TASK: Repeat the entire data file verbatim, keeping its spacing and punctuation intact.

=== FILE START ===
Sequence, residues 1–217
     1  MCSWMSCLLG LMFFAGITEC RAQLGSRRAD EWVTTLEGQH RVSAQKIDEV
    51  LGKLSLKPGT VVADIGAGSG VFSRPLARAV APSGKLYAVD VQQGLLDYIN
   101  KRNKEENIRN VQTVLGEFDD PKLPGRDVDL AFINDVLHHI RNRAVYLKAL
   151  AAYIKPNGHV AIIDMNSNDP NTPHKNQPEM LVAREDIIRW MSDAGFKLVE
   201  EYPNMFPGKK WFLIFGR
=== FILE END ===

Sequence, residues 1–217
     1  MCSWMSCLLG LMFFAGITEC RAQLGSRRAD EWVTTLEGQH RVSAQKIDEV
    51  LGKLSLKPGT VVADIGAGSG VFSRPLARAV APSGKLYAVD VQQGLLDYIN
   101  KRNKEENIRN VQTVLGEFDD PKLPGRDVDL AFINDVLHHI RNRAVYLKAL
   151  AAYIKPNGHV AIIDMNSNDP NTPHKNQPEM LVAREDIIRW MSDAGFKLVE
   201  EYPNMFPGKK WFLIFGR